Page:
If you’re a fan of the tv show “The Simpsons,” you might remember an early episode where Homer Simpson launched a crusade against every public safety issue in the city. The result was practically every square inch of the town contained signs alerting people to every dip, pothole, and other nuisance on the roads. After watching that episode again recently (we won’t admit which one of us got sucked into the tv marathon), we were reminded of a first year torts class in law school that discussed the efficacy of public safety notices. The professor made the comment, “A wealth of information leads to a poverty of attention.”
That comment is especially fitting with respect to ERISA fee disclosures, particularly regarding defined contribution plans. Recently, the DOL requested information and comments about self-directed brokerage accounts (“SDBAs”). The DOL’s history with trying to provide guidance on SDBAs provides a great illustration of the difficulty of determining how much information is too much. On one hand, the DOL has been concerned that defined contribution plan participants will be unable to navigate the wide universe of investment options available under SDBAs unless strict procedural rules are in place. On the other hand, the plan sponsor community has tried to make clear that rank-and-file employees typically are not interested in SDBAs. Instead, more sophisticated investors request this feature, and they do not need a detailed protective regime. The DOL, to its credit, has recognized the different points of view on this issue and has …
The deadline is quickly approaching for written fee disclosures by covered service providers. This creates new homework for financial institutions who are plan sponsors–in the form of enhanced fiduciary review obligations and a suggested need to review (and/or create) written service agreements.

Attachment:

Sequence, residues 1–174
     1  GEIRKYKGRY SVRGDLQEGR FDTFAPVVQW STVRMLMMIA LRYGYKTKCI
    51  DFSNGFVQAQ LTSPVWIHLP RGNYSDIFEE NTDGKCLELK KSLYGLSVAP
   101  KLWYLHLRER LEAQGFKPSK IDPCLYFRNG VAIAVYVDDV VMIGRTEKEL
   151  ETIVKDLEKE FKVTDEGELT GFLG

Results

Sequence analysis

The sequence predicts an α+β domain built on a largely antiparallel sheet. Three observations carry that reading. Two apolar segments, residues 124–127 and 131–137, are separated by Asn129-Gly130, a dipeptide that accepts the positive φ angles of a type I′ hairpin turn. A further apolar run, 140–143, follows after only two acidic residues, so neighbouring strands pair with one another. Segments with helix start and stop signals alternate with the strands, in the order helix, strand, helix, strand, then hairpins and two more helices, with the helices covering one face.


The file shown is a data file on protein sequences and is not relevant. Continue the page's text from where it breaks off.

By now folks who work in the tax-qualified retirement industry are well (and perhaps painfully) aware that the United States Department of Labor ("DOL") issued final service provider fee disclosure regulations early this year. As the deadline for service providers to provide the required disclosures (i.e., July 1, 2012) draws close, it seems like an opportune time to consider what plan sponsors should do with all this data, and what other steps they should consider taking.
Here is a link to an overview of the implications for plan sponsors on one of our sister PWMA blogs that focuses primarily on employee benefit plans: http://www.employeebenefitslawreport.com/2012/06/fee-disclosures-are-almost-here-what-should-plan-sponsors-do-now/…
Estoppel in ERISA: Simple Mistakes Can Lead to Costly Litigation
Plan administrators need to take steps to ensure that the information they provide to plan participants is accurate. Otherwise, plan participants may use this misinformation to bring an estoppel claim.
In civil litigation, defendants have long relied on equitable estoppel as an affirmative defense. The basic elements of an equitable estoppel defense are:
- a definite misrepresentation of fact made to another person with the expectation that they will rely on it; and
- reasonable and detrimental reliance on the misrepresentation
See, e.g., Heckler v. Community Health Servs. of Crawford County. The rationale behind this defense is that a party who unfairly misrepresents facts should not then be permitted to benefit by means of such misrepresentation.…